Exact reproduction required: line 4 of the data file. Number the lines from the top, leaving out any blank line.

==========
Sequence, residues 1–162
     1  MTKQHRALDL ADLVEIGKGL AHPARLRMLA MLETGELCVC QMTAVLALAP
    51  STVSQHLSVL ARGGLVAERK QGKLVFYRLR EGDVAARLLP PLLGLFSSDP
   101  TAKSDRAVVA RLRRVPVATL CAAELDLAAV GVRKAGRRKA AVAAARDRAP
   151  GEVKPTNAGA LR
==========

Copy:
   101  TAKSDRAVVA RLRRVPVATL CAAELDLAAV GVRKAGRRKA AVAAARDRAP